Cascadia Rising Tide is active in Eugene, Portland and Olympia, with contacts in British Columbia, California and elsewhere in the west. Our focuses include grassroots education and organizing resistance to Liquefied Natural Gas, the Columbia River Crossing highway expansion and forest destruction. We also work with local movements against giant hydro-electric dams and the sustainability movement. Please contact us at anytime at cascadia-AT-risingtidenorthamerica-DOT-org. You can also email Portland Rising Tide directly at portland-AT-risingtidenorthamerica-DOT-org.
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Leonardo Cerda is an Ecuadorian youth climate, energy and sustainability activist studying International Relations and Political Sciences at the Universidad San Francisco de Quito in Ecuador. He’s also starting up organizing Marea Creciente / Rising Tide and a Climate Camp there!
Leo’s been involved in resistance movements against the oil industry in Ecuador since he was fourteen years old. He and others in his community starting doing workshops around the Amazon at that time, in different indigenous villages, discussing the causes and the future consequences of the oil industry, it’s relationship to climate change and the many other devastating consequences to people and the environment. Continue reading
Northwest Caravan To Support The Struggle For Survival On The Front Lines Of Resistance at Big Mountain, Black Mesa, AZ. 2008
Indigenous nations are disproportionately targeted by fossil fuel extraction & environmental devastation and Black Mesa is no exception. At this moment Peabody Coal Co. is planning to seize tribal lands and massively expand dirty coal strip-mining operations. In 30 years of controversial operation, Peabody’s Black Mesa Mine has been the source of an estimated 325 million tons of CO2 that have been discharged into the atmosphere.* If expansion plans are permitted, it would exacerbate already devastating environmental and cultural impacts on local communities and significantly add fuel to the fire of the current climate chaos we face globally. Coal from the Black Mesa mine could contribute an additional 290 million tons of CO2 to the global warming crisis!*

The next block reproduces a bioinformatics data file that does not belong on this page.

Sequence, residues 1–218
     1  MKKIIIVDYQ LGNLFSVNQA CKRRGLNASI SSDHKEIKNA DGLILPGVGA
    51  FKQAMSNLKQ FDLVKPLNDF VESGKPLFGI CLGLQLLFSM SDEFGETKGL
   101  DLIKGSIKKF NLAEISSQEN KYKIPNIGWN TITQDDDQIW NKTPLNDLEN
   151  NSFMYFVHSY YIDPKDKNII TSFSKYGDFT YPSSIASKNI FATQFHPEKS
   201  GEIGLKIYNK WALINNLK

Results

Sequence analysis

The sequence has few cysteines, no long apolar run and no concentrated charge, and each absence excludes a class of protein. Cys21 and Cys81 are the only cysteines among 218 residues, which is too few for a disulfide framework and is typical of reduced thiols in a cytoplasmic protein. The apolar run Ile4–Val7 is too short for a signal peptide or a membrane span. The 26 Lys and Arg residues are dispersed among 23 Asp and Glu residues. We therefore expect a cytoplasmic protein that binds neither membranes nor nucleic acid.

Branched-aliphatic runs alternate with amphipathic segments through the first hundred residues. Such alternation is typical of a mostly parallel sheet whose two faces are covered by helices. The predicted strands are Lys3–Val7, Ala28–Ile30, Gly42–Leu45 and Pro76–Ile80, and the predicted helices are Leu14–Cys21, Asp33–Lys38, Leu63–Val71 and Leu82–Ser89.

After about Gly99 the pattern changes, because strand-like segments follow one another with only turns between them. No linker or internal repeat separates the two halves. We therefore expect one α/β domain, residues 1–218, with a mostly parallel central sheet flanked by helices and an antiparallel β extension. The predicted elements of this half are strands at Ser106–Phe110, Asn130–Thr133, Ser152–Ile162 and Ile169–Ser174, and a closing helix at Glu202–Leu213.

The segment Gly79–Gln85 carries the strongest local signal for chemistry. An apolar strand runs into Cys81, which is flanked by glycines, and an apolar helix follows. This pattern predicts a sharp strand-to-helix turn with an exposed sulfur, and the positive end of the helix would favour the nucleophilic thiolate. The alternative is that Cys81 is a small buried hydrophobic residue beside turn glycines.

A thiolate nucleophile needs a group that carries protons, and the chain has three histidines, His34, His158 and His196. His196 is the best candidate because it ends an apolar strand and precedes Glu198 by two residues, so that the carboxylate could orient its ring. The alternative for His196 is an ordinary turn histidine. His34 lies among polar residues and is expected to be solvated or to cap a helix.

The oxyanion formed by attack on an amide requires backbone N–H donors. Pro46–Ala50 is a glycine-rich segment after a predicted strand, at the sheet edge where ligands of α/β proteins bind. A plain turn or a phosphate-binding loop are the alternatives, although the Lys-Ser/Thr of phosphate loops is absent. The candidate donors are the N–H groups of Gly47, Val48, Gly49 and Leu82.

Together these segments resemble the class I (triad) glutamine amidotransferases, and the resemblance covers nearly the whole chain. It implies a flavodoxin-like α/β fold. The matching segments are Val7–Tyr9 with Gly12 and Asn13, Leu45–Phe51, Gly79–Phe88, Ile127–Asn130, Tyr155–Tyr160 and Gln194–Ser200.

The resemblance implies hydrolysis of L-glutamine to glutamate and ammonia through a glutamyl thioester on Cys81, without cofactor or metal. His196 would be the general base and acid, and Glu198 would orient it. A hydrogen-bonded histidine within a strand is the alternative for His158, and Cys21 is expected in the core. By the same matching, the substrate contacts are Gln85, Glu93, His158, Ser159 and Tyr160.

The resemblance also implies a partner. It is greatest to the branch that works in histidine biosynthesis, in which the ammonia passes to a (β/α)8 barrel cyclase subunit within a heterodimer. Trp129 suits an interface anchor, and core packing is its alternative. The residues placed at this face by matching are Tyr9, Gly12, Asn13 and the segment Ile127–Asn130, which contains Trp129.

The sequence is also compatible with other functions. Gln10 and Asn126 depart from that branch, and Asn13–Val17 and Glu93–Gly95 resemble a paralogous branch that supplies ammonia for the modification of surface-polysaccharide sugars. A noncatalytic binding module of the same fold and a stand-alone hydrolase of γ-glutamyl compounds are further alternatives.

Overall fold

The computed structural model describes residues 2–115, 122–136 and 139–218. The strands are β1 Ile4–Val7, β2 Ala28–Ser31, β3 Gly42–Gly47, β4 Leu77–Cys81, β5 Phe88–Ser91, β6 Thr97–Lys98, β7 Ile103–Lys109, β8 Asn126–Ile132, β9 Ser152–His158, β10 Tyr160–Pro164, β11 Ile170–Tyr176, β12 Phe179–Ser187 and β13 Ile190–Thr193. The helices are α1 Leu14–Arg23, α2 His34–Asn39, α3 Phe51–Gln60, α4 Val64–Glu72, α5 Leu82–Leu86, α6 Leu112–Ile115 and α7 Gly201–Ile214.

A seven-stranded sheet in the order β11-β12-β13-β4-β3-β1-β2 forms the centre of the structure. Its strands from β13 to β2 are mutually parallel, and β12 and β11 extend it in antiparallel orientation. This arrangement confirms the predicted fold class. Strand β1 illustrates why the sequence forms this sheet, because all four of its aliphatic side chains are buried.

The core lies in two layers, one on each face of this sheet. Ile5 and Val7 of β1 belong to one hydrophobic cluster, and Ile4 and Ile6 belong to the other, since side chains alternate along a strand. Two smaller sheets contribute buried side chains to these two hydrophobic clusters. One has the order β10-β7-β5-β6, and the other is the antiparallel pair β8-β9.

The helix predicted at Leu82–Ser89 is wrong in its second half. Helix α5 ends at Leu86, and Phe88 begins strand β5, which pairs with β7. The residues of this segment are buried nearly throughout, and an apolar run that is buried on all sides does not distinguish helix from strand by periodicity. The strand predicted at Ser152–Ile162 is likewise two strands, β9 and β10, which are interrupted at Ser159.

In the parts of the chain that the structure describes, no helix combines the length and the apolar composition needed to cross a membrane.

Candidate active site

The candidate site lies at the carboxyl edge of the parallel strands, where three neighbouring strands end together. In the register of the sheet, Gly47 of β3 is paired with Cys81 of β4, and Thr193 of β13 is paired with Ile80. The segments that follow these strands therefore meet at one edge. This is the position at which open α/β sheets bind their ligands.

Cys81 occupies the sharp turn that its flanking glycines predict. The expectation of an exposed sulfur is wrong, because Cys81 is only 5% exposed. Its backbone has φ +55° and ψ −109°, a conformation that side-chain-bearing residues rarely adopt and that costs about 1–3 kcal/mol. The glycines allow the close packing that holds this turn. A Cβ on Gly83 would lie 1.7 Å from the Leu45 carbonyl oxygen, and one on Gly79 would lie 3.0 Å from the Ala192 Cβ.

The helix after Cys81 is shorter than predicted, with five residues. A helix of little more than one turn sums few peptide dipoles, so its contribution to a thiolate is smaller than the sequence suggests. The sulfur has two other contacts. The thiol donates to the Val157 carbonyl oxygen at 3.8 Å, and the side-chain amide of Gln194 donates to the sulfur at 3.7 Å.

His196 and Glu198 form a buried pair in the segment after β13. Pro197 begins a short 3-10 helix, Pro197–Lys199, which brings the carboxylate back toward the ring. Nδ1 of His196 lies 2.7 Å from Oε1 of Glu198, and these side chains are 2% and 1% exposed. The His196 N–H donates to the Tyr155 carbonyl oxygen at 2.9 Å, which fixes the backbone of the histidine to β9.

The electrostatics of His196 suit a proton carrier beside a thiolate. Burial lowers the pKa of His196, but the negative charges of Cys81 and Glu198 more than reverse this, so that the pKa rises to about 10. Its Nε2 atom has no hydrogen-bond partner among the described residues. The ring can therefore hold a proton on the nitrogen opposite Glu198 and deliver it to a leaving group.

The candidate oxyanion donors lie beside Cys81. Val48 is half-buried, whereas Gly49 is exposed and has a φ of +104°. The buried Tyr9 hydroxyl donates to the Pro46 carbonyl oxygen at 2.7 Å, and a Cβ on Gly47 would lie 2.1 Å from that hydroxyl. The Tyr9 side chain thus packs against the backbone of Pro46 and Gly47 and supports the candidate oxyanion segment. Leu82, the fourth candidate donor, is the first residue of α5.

Institutional racism has fueled neglect and abandonment of public needs such as water, maintenance of roads, health care, and schools. Daily life for Big Mountain residents hasn’t changed too much over the years, except that more of them have become elderly and now struggle with daily chores. Due to lack of local job opportunities and federal strangulation on Indian self-sufficiency, extended families are forced to live many miles away to earn incomes and have all the social amenities which include choices in mandatory American education. It is increasingly difficult for families to come back to visit their relatives in these remote areas due to the unmaintained roads and the rising cost of transportation. Continue reading
A coalition of Klamath River Indian tribes, fishermen, conservationists and local supporters (including Cascadia Rising Tide) ramped up their campaign to remove four fish-killing dams on the river today when they held a spirited protest in front of PacifiCorp’s headquarters in Portland.
The “Day of Action Against PacifiCorp” started off at 8:30 a.m. on September 18th when local activists hung a banner proclaiming “Warren Buffett Kills Salmon, Jobs and Communities” over Interstate-84 in solidarity with the Tribes. Around 200 people marched from Holiday Park in Portland at noon to converge in front of PacifiCorp for a press conference at 1 p.m.
After the conference, 70 people occupied the area in front of the headquarters, effectively shutting down the front entrance to PacifiCorp as company staff locked the doors. Continue reading